According to Ohmann, then, the humanistic project and its situation in the modern university springs from material grounds. Ohmann's work is subtitled "a radical view," playfully reinforced by the book's original cover collage, which superimposes the facial images of Edgar Allan Poe and Karl Marx. The graphic conveys the interarticulations of the aesthetic and materialist realms, and poses the conditions by which it is possible to understand not only the role of the university and the ascent of ideas in a market economy, but also the specific performances of criticism and theory. Not at all an oppositional movement to a "business civilization," the view usually taken by humanists, the "business" of the English department, for Ohmann, is compatible with the rationalizations of the "technostructure" and owes its prosperity to that structure's interventions.

Terry Eagleton pursues the provenance of literary criticism and theory back to the "rise of English" and the modern sense of literature that emerged with the English Romantics of the nineteenth century. A counterweight to the alienation of workers bred by the ravages of the industrial revolution, the literature of the Romantics "appears as one of the enclaves in which the creative values expunged from the face of English society by industrial capitalism can be celebrated and affirmed" (p. 19). The Romantics' "creative imagination" was enlisted on the side of the "intuitive, transcendental scope of the poetic mind" (p. 19) and marshaled in the interest of a "living criticism of those rationalist or empiricist ideologies enslaved to 'fact'"(p. 19). The literary work as a "mysterious organic unity" was opposed "to the fragmented individualism of the capitalist marketplace," and whereas the latter yields rational calculation, the former offers spontaneity. In time, the literary artifact would emerge "as an ideal model of human society itself" (p. 22).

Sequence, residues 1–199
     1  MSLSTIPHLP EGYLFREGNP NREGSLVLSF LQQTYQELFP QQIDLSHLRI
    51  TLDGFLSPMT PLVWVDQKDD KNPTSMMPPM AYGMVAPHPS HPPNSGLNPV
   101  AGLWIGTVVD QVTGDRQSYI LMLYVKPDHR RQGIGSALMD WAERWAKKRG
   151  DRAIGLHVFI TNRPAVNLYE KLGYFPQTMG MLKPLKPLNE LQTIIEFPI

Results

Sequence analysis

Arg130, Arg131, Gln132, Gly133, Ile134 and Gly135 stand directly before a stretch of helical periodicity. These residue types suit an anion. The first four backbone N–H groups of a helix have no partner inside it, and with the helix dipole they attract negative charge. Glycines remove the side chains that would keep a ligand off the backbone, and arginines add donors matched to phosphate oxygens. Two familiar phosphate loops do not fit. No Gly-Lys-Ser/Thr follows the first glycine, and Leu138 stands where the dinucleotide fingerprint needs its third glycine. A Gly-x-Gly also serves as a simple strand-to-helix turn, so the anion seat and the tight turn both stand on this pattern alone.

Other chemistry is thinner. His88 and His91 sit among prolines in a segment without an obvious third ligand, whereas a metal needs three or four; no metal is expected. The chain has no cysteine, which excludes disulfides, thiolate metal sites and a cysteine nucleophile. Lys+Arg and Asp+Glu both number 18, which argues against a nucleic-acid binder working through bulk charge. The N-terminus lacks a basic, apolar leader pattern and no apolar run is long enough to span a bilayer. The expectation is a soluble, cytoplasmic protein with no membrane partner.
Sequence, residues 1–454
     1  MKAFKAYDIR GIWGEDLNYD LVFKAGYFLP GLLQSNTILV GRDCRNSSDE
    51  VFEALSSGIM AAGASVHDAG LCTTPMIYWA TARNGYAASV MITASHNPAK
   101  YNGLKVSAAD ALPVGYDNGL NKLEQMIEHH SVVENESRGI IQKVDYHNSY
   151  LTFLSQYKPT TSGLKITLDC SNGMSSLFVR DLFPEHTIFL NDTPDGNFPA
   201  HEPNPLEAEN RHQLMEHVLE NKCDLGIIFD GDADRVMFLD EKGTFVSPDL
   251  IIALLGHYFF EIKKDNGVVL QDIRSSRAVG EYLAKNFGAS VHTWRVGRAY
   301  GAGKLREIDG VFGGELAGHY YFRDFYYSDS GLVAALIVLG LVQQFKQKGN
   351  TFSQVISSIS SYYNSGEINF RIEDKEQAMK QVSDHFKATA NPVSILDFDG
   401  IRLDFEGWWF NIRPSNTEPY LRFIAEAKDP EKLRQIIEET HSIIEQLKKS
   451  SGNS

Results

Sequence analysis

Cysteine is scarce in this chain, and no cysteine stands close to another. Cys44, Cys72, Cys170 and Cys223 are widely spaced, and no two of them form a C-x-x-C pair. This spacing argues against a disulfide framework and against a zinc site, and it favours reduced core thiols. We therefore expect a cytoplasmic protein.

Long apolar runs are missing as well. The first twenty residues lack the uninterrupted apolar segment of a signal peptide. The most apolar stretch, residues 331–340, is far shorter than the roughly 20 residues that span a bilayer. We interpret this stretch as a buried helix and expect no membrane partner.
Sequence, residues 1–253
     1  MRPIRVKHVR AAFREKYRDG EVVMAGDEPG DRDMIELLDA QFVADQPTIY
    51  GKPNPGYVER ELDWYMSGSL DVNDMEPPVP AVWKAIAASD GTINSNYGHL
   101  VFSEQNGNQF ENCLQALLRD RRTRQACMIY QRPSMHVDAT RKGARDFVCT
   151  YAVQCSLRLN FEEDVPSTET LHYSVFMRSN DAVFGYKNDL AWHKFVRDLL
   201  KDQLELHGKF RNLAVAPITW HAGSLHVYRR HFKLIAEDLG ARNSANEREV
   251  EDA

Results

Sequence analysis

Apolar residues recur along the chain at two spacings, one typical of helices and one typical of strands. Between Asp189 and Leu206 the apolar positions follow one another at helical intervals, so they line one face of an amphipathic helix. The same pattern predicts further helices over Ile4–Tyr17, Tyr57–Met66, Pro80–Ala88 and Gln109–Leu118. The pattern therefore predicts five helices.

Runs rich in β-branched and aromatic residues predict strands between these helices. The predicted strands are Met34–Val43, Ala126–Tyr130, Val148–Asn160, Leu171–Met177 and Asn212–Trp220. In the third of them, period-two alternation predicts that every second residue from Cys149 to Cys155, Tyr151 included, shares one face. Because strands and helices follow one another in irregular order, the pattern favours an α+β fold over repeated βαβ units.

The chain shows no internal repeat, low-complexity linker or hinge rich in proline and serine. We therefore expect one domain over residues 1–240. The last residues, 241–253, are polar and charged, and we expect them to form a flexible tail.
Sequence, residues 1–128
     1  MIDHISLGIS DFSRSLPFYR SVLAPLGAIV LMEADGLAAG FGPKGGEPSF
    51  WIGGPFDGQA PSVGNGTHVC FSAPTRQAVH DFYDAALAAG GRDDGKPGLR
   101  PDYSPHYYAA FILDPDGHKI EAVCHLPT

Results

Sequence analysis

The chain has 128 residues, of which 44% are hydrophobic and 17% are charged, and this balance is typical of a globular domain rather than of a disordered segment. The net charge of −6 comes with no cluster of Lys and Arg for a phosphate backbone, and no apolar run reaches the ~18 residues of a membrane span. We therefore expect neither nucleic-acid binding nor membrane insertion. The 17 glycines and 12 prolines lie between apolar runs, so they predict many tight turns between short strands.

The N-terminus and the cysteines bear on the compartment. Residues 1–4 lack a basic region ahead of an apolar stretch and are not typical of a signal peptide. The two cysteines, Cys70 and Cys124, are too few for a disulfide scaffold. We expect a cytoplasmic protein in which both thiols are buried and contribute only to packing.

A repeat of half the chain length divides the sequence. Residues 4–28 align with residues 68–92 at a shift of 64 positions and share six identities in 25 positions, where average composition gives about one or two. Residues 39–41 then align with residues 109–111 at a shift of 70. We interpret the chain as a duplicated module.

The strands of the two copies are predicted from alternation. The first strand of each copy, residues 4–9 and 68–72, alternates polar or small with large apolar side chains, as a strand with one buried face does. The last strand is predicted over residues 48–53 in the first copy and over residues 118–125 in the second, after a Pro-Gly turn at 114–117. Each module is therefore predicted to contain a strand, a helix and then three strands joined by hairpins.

Under the impact of scientific development and the related decline of religious sentiment, literature became in this context a decisive moral and aesthetic regimen: according to one of Eagleton's sources, English literature would in time be solicited "'to save our souls and heal the State'" (p. 23). From Matthew Arnold on, "English," in a period of religious decline, "is constructed as a subject to carry the ideological freight of social cohesion" (p. 24). The "poor man's Classics," English literature marked the route to a liberal, humanizing education, first institutionalized as an academic course of study in unexpected venues—not in England's great universities, Eagleton contends, but in the "Mechanics' Institutes, working men's colleges and extension lecturing circuits" (p. 27). Installed in the British curriculum during the final quarter of the nineteenth century, English literary studies commenced as a "subject fit for women, workers, [and, given England's colonial project] those wishing to impress the natives" (p. 29).

Though Eagleton's and Ohmann's respective accounts of the development of English critical studies are contrastive, what they have in common is the attempt to put in perspective the relationship between manifestations of the creative and imaginative impulses as curricular objects and the material and political bases on which the former are predicated. Not some glorious abstraction, English, which will become the place of habitation of literary criticism and theory, belongs, one way or another, to the industrial phase of capital. Either as a preserve of creative values or as an elaboration of a radically transformed scene of labor, English in the twentieth century would supersede the old, time-honored trivium of the curricula of the Middle Ages—grammar, logic, and rhetoric.